"Music raises the collective conscience and the doors of perception open to us music unites peoples and tames beasts."
Javier Vargas: From South to Your Heart
Over 24 studio albums, eight platinum albums, international tours and performances with the greatest of music legends; In almost three decades of his career, Javier Vargas has earned the merit of being a living legend of the electric guitar in our country. And far from standing still, he does not stop; After publishing 'King of The Latin Blues' in 2018 and 'Move On' in 2019 – of the Vargas & Jagger project -, he now returns with his Vargas Blues Band album called 'Del Sur' (2020), an album consisting of 12 songs that will leave nobody untouched. 'Del Sur' was one of the most successful songs in the career of this guitarist and that is why he chose this name for the title of his brand new first-ever instrumental album. On this album he blends his blues guitar playing with the Latin touches of Spanish acoustic guitarist Juan Gómez 'Chicuelo' recreating a different yet equally tasteful version of the song 'Del Sur'.
Apart from southern root influences, one can hear and feel an intense masterful touch of latin blues on songs like 'Spanish Wine' which is the first single from the album that is set to become a classic as are his songs 'Blues Latino' and 'Buenos Aires Blues'. In short, this is a new project in which Javier Vargas makes a display of melodies throughout 12 carefully handcrafted songs, filled and sealed off with the acclaimed mythical nuances that this bluesman stands for. Satisfaction guaranteed.
How has the Blues and Rock Counterculture influenced your views of the world and the journeys you’ve taken?
I started playing the guitar when I was 14 years old in Argentina from the moment I heard Hendrix, I think the Woodstock festival and all the artists who performed and what Love Union Peace meant had an influence there I met Santana or Ten Years After and at that precise moment I decided that I wanted to dedicate myself to blues and rock and travel with my band and take my music to another level.
How do you describe your sound, music philosophy and songbook? Where does your creative drive come from?
My sound comes from my fingers and my heart for me music is the heart of a heartless world my influences come from Jazz, blues, rock, flamenco and Latin music my creativity comes from what surrounds me I capture the energies and turn them into sound and melodies with a deep base of blues.
What moment changed your life and career the most? What was the best advice anyone ever gave you?
At the moment that Carlos Santana chose my song Blues Latino to include it on the Santana Brothers album. It was a great boost to my career, the best advice they gave me was to find the music that comes from your heart when one heart speaks, there is always another that listens.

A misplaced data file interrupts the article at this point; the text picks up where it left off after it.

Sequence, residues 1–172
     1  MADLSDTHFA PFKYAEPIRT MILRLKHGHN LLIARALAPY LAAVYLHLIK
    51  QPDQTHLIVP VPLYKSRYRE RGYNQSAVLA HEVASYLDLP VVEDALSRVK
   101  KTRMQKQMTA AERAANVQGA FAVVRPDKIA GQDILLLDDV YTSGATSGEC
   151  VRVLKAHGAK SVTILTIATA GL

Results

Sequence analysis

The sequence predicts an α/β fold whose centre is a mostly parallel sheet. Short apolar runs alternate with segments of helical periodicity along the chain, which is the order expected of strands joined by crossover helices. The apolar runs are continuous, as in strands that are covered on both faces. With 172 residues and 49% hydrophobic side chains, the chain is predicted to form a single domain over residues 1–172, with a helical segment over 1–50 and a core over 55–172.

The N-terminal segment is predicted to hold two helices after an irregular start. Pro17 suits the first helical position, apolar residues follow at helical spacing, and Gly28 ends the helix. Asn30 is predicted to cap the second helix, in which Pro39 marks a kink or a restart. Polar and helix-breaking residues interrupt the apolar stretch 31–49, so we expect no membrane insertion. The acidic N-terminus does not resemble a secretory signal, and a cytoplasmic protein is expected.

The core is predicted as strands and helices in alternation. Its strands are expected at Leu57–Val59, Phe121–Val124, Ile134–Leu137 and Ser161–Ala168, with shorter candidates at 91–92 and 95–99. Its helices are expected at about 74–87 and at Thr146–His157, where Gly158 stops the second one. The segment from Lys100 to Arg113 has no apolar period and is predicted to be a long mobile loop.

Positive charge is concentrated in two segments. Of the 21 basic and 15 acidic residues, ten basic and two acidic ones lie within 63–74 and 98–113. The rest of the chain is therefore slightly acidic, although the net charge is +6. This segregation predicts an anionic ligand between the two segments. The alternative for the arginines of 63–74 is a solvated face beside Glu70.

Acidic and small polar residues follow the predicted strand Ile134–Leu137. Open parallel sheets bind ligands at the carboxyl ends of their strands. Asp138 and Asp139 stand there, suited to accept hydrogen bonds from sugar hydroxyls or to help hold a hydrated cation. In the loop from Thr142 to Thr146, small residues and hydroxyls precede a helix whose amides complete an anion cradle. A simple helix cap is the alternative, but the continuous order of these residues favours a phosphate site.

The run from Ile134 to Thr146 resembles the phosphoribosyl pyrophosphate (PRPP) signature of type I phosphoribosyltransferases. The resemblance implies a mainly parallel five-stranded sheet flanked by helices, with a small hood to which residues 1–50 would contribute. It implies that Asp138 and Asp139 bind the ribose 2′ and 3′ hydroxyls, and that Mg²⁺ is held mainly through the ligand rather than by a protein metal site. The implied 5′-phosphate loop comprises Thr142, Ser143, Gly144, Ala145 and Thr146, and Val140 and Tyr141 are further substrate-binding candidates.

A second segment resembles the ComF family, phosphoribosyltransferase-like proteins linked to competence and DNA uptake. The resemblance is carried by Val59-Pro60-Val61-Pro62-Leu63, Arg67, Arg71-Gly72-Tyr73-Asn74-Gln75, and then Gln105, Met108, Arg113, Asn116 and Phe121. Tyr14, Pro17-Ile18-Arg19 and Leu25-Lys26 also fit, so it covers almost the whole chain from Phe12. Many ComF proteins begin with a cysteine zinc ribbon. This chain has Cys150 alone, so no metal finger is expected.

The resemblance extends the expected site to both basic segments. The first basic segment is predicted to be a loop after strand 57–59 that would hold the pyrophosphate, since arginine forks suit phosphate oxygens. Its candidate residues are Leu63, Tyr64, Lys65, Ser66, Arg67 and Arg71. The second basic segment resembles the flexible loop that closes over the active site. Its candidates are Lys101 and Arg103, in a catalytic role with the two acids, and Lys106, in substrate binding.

What are some of the most important lessons you have learned from your experience in the music paths?
The important thing is to be humble, generous and enjoy every moment and always give thanks for what life gives you because even from the bad you learn.
"My sound comes from my fingers and my heart for me music is the heart of a heartless world my influences come from Jazz, blues, rock, flamenco and Latin music my creativity comes from what surrounds me I capture the energies and turn them into sound and melodies with a deep base of blues." (Photo: Javier Vargas & Junior Wells)
Are there any memories from Roy Buchanan, Carey Bell and Junior Wells which you’d like to share with us?
I met Roy Buchanan in Nashville in '75, I saw him play several times and I spoke with the about telecasters and sound, with Carey Bell, I played in 8 shows with him and he recorded with me on two songs on the Madrid Memphis album with Sugar Blues and Junior Wells was the Best than I've heard playing an harmonica also with Junior Wells I also recorded and played live the day I met him, I took him to the hotel and from 7 in the morning until 12 he told me the whole story of the blues in Chicago and of Muddy Waters life that was his mentor was a fun and generous guy a great person.
What do you miss most nowadays from the blues of the past? What are your hopes and fears for the future of?
The greatest of blues unfortunately left us but there are still blues musicians who have followed the legacy of the greatest, incredible guitarists and musicians who keep the blues in good health, I am not afraid I look to the future with hope.
If you could change one thing in the musical world and it would become a reality, what would that be?
That the music industry will treat musicians better I think we are the weakest link in the chain being a musician is not enough you have to know the business if you want to make a living from the music.
What are the differences and similarities between European and Latin American blues scene?
Currently blues fans are the same everywhere, in my opinion we are a large minority who love real music, Buenos Aires is the capital of blues in Latin America, there is a great tradition of musicians and fans of this style.
"The greatest of blues unfortunately left us but there are still blues musicians who have followed the legacy of the greatest, incredible guitarists and musicians who keep the blues in good health, I am not afraid I look to the future with hope."
(Photo: Javier Vargas, Beale Str, Memphis TN)
What is the impact of music on the socio-cultural implications? How do you want it to affect people?
Music raises the collective conscience and the doors of perception open to us music unites peoples and tames beasts.
Let’s take a trip with a time machine, so where and why would you really want to go for a whole day?
I'd like to appear in New York in '48 and see Charlie Parker perform in a club.
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